Dissonance About the Cognitive:

I held these Christus Victor and inclusivist positions prior to this last semester, so I had already had some qualifications on orthodoxy/right-doctrine when it comes salvation. But this year the conversation has progressed because of Christianity/Truett’s emphasis on spiritual formation and James K. A. Smith’s arguments about orthopathy.

The order and relation of right doctrine, practice, and motive can be evaluated for both its best and explicitly healthiest possible form (being saved and spiritually formed) as well as its least preferable but implicitly sufficient form (‘just’ being saved and being formed afterwards).

Reading Smith’s work, it became clear that the western/modern church has become enslaved to cognitive and/or quasi-cognitive formulations of theology and biblical interpretation. This was/is an odd reality for me. On one hand, I have always known that knowledge was not the only important part of being a Christian, but in my book it was at least the best part and most often the part that was missing in the church today.

I have not changed my convictions on the value of theology and proper education for ministry, but I have reordered it’s place and value. In doing this, I have relocated some of my prior inclusivist feelings about salvation into the realm of spiritual formation. In an ironic sense my doctrines of salvation and inclusivism have been bolstered by deemphasizing doctrine.

The main reason to reject the cognitive person-as-thinker or quasi-cognitive person-as-believer models of Christian discipleship is because it puts all its eggs in one basket: the intellect. While reason and logic are great, they were not what the scriptures have ‘in mind’ when they say mind. Placing Christianity’s whole program into a single emphasis on content to be understood cognitively is incredibly reductive and unbiblical. Yes we are to renew our minds and our thoughts, but it is our “deep”er and instinctual level of heart/gut/Splanchna (σπλάγχνα) that must be transformed as well. The soul/whole-person must be remade, not just the computer upstairs.

As anyone who has looked after a toddler knows, reason is not sufficient to solve every problem (If only we applied this lesson to adults as well). When we make intellect, doctrinal agreement, and theological precision the bare minimum for entering the church community, we add to the gospel itself and place stumbling block before the “little ones.” Little ones is metaphorical yes, but it is also alarmingly literal. This heterodox cognitive idolatry means that we actively exclude both children and those with mental impairments. If our theology does not take into account “the least of these,” then we have somehow significantly misread the entirety of the scriptures.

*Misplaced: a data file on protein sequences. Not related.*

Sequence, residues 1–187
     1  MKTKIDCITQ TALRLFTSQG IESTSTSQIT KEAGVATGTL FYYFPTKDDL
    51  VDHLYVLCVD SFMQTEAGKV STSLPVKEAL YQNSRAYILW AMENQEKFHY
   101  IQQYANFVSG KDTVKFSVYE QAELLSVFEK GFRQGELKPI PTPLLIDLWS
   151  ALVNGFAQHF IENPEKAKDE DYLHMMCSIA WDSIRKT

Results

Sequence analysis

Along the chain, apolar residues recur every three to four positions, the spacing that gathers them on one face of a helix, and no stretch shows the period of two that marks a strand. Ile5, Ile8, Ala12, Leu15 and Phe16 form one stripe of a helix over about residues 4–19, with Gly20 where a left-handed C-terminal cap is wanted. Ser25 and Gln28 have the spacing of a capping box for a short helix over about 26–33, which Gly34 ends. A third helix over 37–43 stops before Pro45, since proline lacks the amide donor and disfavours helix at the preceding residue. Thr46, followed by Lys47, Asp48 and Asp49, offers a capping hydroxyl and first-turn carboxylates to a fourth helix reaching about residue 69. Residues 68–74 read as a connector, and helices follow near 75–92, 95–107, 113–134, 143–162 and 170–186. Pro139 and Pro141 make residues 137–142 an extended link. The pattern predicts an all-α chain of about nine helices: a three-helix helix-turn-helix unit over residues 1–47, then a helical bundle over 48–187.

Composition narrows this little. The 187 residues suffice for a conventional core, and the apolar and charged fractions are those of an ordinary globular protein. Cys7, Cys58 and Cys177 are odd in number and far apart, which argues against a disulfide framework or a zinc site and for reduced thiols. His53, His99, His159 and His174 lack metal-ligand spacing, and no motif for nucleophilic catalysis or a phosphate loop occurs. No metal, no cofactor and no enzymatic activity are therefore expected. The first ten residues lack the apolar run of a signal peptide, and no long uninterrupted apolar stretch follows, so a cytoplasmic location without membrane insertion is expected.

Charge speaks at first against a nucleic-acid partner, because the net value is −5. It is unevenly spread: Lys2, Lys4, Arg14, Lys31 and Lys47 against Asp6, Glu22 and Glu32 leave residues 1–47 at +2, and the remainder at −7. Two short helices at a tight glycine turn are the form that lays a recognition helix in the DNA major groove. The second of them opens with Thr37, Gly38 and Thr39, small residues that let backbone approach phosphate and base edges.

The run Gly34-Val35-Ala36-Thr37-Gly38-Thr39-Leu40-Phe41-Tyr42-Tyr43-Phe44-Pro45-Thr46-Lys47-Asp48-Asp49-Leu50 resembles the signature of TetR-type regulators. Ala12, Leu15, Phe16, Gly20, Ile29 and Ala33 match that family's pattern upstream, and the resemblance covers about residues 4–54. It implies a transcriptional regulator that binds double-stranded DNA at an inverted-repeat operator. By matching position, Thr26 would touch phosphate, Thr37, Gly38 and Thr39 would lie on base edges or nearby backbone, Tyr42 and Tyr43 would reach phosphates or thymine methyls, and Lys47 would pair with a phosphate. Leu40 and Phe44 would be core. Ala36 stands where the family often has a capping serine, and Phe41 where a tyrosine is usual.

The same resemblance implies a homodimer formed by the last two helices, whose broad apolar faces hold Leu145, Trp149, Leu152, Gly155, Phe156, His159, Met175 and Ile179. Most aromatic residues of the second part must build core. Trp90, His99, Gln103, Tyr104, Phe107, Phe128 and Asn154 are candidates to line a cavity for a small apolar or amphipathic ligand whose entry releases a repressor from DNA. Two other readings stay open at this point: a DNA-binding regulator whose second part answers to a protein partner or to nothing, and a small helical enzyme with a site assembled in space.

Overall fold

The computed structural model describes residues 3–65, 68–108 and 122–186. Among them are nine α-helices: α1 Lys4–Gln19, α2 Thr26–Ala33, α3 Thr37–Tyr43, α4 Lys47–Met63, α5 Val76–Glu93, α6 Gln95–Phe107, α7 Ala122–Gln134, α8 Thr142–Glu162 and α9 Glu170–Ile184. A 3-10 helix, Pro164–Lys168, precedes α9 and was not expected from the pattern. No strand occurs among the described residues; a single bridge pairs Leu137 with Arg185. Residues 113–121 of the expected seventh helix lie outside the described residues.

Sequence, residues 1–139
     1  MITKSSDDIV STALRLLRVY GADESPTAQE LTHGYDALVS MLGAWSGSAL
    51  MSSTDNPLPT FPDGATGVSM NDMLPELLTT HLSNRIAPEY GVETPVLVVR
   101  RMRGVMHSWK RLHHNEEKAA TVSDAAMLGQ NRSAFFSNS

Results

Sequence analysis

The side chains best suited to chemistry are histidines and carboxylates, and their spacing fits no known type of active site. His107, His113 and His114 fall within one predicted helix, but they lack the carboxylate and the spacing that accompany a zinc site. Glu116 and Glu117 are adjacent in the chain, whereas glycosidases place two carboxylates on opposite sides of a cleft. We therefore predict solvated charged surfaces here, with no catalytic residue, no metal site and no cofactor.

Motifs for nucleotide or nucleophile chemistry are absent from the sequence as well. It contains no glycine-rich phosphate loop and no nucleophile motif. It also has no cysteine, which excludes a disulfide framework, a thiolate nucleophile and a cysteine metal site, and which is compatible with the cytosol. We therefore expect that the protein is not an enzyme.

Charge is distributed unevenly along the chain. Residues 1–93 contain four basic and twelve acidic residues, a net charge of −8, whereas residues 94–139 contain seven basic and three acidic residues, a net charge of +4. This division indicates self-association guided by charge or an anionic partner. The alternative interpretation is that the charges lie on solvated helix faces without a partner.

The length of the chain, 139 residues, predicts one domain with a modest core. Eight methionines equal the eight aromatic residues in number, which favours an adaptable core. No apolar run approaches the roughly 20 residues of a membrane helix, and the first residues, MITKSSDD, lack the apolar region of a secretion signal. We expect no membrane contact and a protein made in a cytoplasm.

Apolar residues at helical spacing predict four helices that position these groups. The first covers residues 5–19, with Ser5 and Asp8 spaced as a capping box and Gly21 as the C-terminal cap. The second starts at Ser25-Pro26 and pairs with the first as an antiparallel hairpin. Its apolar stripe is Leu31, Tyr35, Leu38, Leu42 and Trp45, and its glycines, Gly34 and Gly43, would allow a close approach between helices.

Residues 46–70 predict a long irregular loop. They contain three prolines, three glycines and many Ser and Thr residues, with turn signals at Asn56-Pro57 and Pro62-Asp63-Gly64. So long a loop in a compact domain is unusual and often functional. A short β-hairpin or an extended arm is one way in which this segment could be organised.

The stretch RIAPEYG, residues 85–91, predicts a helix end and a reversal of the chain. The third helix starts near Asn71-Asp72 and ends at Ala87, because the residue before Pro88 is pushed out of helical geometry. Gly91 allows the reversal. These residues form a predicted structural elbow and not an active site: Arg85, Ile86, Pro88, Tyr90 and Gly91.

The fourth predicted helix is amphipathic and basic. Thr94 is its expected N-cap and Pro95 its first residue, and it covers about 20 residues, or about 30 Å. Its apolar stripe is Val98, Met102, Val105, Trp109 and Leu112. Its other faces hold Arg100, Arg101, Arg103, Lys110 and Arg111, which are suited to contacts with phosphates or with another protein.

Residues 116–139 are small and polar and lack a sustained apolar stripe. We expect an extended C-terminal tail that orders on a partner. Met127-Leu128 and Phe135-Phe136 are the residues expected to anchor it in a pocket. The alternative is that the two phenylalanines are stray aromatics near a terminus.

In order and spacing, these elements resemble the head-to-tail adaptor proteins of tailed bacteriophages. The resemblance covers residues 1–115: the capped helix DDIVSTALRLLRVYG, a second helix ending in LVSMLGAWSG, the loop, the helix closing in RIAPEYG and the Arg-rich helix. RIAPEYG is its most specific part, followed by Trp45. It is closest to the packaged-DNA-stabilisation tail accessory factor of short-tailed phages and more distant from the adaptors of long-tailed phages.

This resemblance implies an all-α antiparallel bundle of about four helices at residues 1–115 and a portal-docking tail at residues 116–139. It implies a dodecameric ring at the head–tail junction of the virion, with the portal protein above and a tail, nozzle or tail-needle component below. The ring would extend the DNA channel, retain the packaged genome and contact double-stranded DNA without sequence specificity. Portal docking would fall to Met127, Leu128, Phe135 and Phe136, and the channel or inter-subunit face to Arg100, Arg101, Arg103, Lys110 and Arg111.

Humans are not brains-on-a-stick. We are not ethereal minds or souls stuck in pesky flesh vehicles—that is gnosticism revisited in modernity’s clothes. Imago Dei humans are embodied persons whose existence is inextricably tied to being embodied creaturly icons. And to be embodied means that we have desires, emotions, longings, and wishes that exist within us even before we learn—or in spite of how we have learned—to use our brains manually.

As children we are trained in how to be human by communicative actions, not by words. We can ‘know’ how to do things because we have been conditioned to act certain ways—even though we don’t really know why. I don’t pretend to be versed in attachment theory or childhood psychology, but there is common sense in realizing that babies desire milk and don’t/can’t give a rhetorical argument for why they should get it or even want it.

As adults we often cannot express why we feel the way we do about many of our intentions and motives—they spring up out of our precognitive souls (soul again actually just means whole person btw). Even when we have officially used our brains and will to decide to behave in a certain way, we often cannot easily make a change or actualize our decision as if we were a computer. This is because our loves/desires/motives are formed wholistically by habits, practices, and liturgies more than they are by decisions and logic.

*This discussion also holds true in an exclusivist model, but is doubly true in Christian inclusivism. No matter how it is couched, the implications are immense.


St. Augustine taught about these desires, he called them loves. And by being raised and living in this corrupted world our loves are always disordered. We always turn our gaze on something improper. “We love the wrong things, or we love the right things in the wrong way.” Athanasius talks about our either participating with God or with death—and this participation is always an embodied way of living.

If all humans are first and foremost lovers who have desires, then having rightly-ordered motives/loves/desires (orthoprathy) is universally important. That said, since we are embodied persons and not brains on sticks, orthopathy cannot be separated from orthopraxy—we habitually practice what we desire, and we desire what we habitually practice. As mentioned continuously in the scriptures, it is never enough to simply do certain actions without proper motives—God looks on the heart. Nevertheless it is also worthless to have good intentions that are never actualized—faith without works is dead. Thus it is the combination of right-motive and right-practice which counts as allegiance.